Leeds At Home 2014/15 – Perfect

Another mid week game. Another night without The Boy. Beer then. Quite a bit of beer.

Pubs in a station shouldn’t be good. They should, in fact, be the sort of pub you run screaming from unless you’re the sort of chap that needs an 11am eye opener of Tramp Juice or you are a group of thirsty football fans. And of course, like any two sets in a Primary School maths lesson there’s a subset of both in the middle. But I digress. Every pub I’ve ever been to in a station has been horribly shit. The old one on Brighton Station most definitely was. Even we stayed out of it and I’ve drunk down Ditchling Road and in The Clyde. So it was a rather bizarre experience to bookend my trip to the Leeds match with a nice pint of West Pier for me, a Cruzcampo for my friend who is very fond of such things, some honey and bacon peanuts (say that out loud without drooling) and a group of familiar faces in the corner in a pub in a station. The Cyclist, it turns out, is rather nice. Yes, Brighton But Only At Home was on the sauce.

I mention this because when it happens (and it’s happened just few enough times this season for my regular readers to recommend the AA) any real sense of football reporting goes out of the window. What makes it even harder to report on the game is that, even through my morning paracetemol and coffee I can’t really think of a single negative to dress up in disasterous metaphors. It was a regulation win by a good looking team. I haven’t said that all season. I remember them in the past. Leeds last season was one. Wolves under Poyet another. Not a thrashing. Not a lucky win. Just a professional job where we score more goals than the opposition without looking worried.

A Cruzcampo, a pint or two or three in Dick’s and we took our seats at 7.35 to Fanzone and an empty stadium. The roads round the Amex had been chocka and many people were still getting to their seats ten minutes after kick off. They had missed the ostensibly puzzling news that the front line was to be led by CMS and Baldock. And here’s the first thing I love about Chris Hughton. Sami, bless him, used to tinker with the side for no apparent reason and to no apparent effect. Leeds, however, looked ponderous and one paced at the back. Even a man four Real Ales down could see that and our management team had clearly studied their weaknesses. CMS and his running bothered them immensely and we used it to good effect as Tex and Baldock found gaps and Kayal and Ince bossed midfield. In such circumstances your defence is rarely troubled and Leeds sat on the back foot with us dominating possession, or at least as much as I could see before I had the sudden urge to start telling silly jokes or starting a song.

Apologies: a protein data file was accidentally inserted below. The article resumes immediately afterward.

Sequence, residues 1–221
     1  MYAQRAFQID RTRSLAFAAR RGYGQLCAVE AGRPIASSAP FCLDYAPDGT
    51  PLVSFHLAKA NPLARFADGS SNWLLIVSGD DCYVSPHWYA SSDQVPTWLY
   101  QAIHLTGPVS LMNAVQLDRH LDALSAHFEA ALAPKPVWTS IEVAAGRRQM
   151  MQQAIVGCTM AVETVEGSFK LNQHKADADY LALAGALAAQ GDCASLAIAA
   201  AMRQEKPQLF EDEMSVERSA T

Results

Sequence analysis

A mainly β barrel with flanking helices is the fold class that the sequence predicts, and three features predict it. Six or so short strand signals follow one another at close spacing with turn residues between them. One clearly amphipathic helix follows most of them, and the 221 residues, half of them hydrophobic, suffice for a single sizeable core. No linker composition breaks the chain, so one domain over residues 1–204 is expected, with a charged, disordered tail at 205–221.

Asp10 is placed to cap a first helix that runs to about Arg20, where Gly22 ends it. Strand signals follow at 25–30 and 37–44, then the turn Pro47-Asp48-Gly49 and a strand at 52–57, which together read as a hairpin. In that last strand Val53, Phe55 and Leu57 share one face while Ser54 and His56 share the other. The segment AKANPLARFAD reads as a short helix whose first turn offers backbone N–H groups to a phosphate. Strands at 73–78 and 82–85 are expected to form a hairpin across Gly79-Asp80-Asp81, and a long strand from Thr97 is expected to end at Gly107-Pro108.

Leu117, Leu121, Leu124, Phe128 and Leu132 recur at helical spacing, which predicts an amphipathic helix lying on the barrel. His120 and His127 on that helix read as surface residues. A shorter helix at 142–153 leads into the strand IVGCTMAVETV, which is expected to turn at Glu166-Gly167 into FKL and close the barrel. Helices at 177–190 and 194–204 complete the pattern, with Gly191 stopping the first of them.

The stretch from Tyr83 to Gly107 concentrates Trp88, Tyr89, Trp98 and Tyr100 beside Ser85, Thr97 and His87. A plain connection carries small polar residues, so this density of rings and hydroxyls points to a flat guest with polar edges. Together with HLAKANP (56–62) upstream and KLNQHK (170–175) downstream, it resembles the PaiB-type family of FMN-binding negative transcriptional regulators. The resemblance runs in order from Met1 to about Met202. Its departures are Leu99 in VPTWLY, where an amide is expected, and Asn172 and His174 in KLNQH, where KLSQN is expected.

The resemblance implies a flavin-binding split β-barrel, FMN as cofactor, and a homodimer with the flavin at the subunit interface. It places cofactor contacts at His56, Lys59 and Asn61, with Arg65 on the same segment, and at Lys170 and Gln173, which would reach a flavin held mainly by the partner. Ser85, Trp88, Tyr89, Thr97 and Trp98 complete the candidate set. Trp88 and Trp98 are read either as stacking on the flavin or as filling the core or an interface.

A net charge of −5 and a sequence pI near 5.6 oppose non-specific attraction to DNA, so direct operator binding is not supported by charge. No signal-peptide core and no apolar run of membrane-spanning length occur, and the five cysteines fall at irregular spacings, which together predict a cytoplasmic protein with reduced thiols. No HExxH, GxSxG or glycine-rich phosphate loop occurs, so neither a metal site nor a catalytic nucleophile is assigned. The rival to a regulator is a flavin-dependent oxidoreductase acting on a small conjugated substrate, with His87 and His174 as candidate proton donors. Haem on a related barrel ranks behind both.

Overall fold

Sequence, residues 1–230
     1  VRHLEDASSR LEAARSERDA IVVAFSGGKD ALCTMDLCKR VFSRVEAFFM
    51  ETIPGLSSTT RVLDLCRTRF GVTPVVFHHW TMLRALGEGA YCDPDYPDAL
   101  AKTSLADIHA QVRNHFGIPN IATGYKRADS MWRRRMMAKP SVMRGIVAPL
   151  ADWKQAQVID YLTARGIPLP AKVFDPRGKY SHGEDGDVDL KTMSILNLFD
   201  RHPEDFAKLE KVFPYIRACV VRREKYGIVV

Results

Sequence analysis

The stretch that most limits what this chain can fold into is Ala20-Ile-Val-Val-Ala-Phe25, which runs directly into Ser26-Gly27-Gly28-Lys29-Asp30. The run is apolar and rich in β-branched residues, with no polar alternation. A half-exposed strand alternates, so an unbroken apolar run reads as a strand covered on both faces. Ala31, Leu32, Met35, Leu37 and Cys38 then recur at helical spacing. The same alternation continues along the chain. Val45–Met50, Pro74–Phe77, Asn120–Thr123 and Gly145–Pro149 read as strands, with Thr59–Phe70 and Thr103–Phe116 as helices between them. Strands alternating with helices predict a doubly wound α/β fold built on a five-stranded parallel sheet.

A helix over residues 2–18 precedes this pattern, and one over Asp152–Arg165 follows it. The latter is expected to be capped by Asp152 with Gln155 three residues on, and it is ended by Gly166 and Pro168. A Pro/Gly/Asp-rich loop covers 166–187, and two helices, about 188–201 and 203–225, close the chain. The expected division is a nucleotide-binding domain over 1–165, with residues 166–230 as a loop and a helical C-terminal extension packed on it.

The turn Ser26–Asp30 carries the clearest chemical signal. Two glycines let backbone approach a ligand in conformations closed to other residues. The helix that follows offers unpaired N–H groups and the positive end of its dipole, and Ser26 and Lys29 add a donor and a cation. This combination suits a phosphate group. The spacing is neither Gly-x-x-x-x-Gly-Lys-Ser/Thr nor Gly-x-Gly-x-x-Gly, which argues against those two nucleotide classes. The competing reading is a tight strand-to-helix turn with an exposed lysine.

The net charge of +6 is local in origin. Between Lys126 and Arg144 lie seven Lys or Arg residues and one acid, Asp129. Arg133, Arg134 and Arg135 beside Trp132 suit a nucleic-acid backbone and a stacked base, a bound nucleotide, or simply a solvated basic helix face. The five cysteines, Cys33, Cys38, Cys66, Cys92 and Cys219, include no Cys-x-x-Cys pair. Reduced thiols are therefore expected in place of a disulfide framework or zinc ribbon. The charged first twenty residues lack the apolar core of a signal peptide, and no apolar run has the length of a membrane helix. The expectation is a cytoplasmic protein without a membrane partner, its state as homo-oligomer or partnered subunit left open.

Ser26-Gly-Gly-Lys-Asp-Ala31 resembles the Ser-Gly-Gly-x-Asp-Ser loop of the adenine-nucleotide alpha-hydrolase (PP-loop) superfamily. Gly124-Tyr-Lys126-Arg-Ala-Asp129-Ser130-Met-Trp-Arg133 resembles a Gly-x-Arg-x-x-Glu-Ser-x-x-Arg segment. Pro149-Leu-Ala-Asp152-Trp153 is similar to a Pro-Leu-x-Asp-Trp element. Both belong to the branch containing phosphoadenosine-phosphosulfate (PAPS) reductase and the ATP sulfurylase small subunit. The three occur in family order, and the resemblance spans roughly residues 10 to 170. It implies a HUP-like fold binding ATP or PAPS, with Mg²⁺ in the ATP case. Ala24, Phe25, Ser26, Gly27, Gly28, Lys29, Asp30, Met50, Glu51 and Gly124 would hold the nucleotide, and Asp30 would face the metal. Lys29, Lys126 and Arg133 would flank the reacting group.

After twenty six minutes it paid off with CMS breaking down the right and slotting a lovely ground cross for Baldock to provide the deftest of finishes. Normally this is the cue for us to retreat in to our shells and concede almost immediately. Not last night. Perhaps it was finally getting the 4-3 win over Birmingham or perhaps the new management team had finally got though to them, I’m not sure. But we continued to press, Kayal and Ince continued to dominate, Stockdale who had used the second period of the first half to save a one on one and a penalty on Saturday remained untroubled.

A half time pint. A smiley, happy, bloody hell we’re actually good half time pint.

More of the same in the second half. Leeds couldn’t cope with Baldock’s pace and CMS’s energy. They couldn’t cope with Kayal’s box-to-box-ness, Ince’s legs or the fact that Calde may actually be the second coming. They couldn’t cope with Dunk’s height or Greer’s new found desire to pass it forwards. We made several chances, firstly a pass coming when a shot should have when clean through before CMS shot straight at the keeper. Then we doubled the lead through Calde’s beard, Tex having put Kayal through for a chance which their keeper palmed on to the Lord’s facial hair where it nestled pleasantly in the corner of the net. That’s the ball not his beard. There was still time for a game of goal ping pong and for us to hit the post when scoring was easier but that, essentially was that. Game wrapped up by 65 minutes. Relaxed people in stands. Who’d have thunk it?

So I may have had my blue and white beer goggles on but in the cold light of day I can still say every single player deserved the win. It was a professional performance, devoid of panic, cock up or scapegoat. The hundredth game at the Amex took me back exactly two or three years to time when such a win was the norm. I’ll drink to that.

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